Names of tropical flowers. Dark pink bouquets

Names Of Tropical Flowers

    tropical flowers

  • Meanings vary among the numerous varieties of tropical flowers.  Orchids represent luxury and rare beauty, and proteas symbolize diversity and courage.  Birds of paradise convey joyfulness while anthuriums send a message of hospitality.
  • Native to the Tropics, areas of the world where the sun reaches a point directly overhead at least once during the solar year, tropical flowers are sometimes called exotic flowers because of their association with alluring, lush locations that are warm year-round.


  • name calling: verbal abuse; a crude substitute for argument; “sticks and stones may break my bones but names can never hurt me”
  • (name) a language unit by which a person or thing is known; “his name really is George Washington”; “those are two names for the same thing”
  • (name) assign a specified (usually proper) proper name to; “They named their son David”; “The new school was named after the famous Civil Rights leader”
  • A famous person
  • A word or set of words by which a person, animal, place, or thing is known, addressed, or referred to
  • Someone or something regarded as existing merely as a word and lacking substance or reality

names of tropical flowers

names of tropical flowers – Tropical Plants

Tropical Plants of Costa Rica: A Guide to Native and Exotic Flora (Zona Tropical Publications)
Tropical Plants of Costa Rica: A Guide to Native and Exotic Flora (Zona Tropical Publications)
Ranging from miniature epiphytic orchids to towering trees, and from mangrove forests lining coastal waterways to high-elevation cloud forests, Costa Rica’s rich and varied flora dazzles visitors and botanists alike. Tropical Plants of Costa Rica, the first popular treatment to include plants from all regions of the country, is an indispensable guide to native and exotic species found in the neotropics.This book is beautifully illustrated with more than 540 full-color photographs taken in the field, each depicting an entire plant or a closer view of flowers, fruits, or seeds. Instructive pen-and-ink drawings of botanical details also accompany many of the accounts. The text clearly explains each plant’s identifying characteristics and reveals fascinating facts about its natural history, chemical properties, economic importance, and medicinal and other uses. Sidebar features throughout the book highlight conservation, ethnobotany, and ecology; their topics include unusual applications for plants, distinct attributes of certain plant families, and plants of particular microhabitats. Tropical Plants of Costa Rica is a wonderful resource for naturalists, students, and researchers, as well as both experienced and first-time visitors to Costa Rica and the American tropics.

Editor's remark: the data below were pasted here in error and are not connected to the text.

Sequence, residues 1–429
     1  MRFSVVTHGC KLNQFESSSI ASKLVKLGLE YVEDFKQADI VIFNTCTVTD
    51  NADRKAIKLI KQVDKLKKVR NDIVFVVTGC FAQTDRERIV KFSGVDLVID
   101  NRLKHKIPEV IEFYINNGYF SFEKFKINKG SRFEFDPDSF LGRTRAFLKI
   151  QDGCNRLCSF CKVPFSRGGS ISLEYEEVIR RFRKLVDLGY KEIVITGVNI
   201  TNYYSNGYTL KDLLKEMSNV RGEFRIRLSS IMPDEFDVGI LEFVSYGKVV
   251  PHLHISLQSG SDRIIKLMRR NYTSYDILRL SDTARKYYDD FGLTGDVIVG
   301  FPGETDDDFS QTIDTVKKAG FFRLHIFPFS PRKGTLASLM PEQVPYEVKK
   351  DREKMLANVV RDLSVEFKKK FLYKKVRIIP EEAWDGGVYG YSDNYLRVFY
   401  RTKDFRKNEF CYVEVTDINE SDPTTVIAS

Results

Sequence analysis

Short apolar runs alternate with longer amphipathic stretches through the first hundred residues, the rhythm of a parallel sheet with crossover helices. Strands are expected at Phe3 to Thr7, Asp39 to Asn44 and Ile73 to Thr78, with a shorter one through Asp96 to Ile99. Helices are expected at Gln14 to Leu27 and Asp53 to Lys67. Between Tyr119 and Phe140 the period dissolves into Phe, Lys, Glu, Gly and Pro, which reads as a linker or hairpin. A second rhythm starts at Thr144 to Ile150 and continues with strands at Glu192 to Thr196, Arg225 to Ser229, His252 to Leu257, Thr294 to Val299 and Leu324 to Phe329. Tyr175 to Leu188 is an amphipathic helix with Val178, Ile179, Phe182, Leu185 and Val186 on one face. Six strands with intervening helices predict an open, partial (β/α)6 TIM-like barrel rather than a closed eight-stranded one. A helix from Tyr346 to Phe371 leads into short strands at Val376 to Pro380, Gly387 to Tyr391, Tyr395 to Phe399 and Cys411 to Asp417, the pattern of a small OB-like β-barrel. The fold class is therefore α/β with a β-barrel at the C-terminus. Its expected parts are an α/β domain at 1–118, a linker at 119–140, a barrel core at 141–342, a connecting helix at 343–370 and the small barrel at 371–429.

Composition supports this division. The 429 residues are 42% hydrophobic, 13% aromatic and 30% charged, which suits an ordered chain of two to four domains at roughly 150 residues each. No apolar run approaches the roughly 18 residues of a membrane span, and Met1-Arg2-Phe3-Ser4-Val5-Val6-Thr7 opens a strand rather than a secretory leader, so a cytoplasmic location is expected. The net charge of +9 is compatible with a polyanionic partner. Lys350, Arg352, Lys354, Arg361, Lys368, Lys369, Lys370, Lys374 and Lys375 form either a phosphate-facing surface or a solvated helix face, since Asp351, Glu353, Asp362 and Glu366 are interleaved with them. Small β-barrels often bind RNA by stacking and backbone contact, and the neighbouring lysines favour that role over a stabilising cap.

Cannonball flowers erupt from stems on the lower trunk of the tree

Cannonball flowers erupt from stems on the lower trunk of the tree
This is a strange one! The tree is very large and tall but the flowers all hang from stems 10 feet or so from the ground so it feels like they are growing on a vine attached to the tree rather than the tree itself! These are called cauliflorous… flowers that grow from the trunk.

"In the rainforests of South American, fruits of the Cannonball tree sway and clash in the wind, creating loud noises like artillery fire! These fruits really do resemble big, rusty cannonballs as they hang in clusters on the side of the tree attached to rope like tangles that emerge directly from the trunk.

The Cannonball tree’s beautifully complex and fragrant flowers resemble huge orchids. At night the flowers become particularly pungent in order to attract swift-flying pollinators. This particular Cannonball tree was collected in 1913 at Jamaica’s Hope Gardens and has flourished at Fairchild since it was planted here in 1938."

Couroupita guianensis, whose common names include Ayahuma and the Cannonball Tree, is an evergreen tree allied to the Brazil Nut (Bertholletia excelsa), and is native to tropical northern South America and to the southern Caribbean. In India it has been growing for the past two or three thousand years at least, as attested by textual records; hence it is possible that it is native to India also. It’s part of the family Lecythidaceae and grows up to 25m (82ft) in height. The "Cannonball Tree" is so called because of its brown cannon-ball-like fruits. The majority of these trees outside their natural environment have been planted as a botanical curiosity, as they grow very large, distinctive flowers. Its flowers are orange, scarlet and pink in color, and form large bunches measuring up to 3m in length. They produce large spherical and woody fruits ranging from 15 to 24cm in diameter, containing up to 200 or 300 seeds apiece.

Cannonball Tree, Couroupita guianensis
Fairchild Tropical Botanic Garden, Miami, FL

an amazing tropical flower at the Conservatory of Flowers

an amazing tropical flower at the Conservatory of Flowers
San Francisco, California

This is from the Highland Tropics room in the conservatory. Sorry I don’t know the name….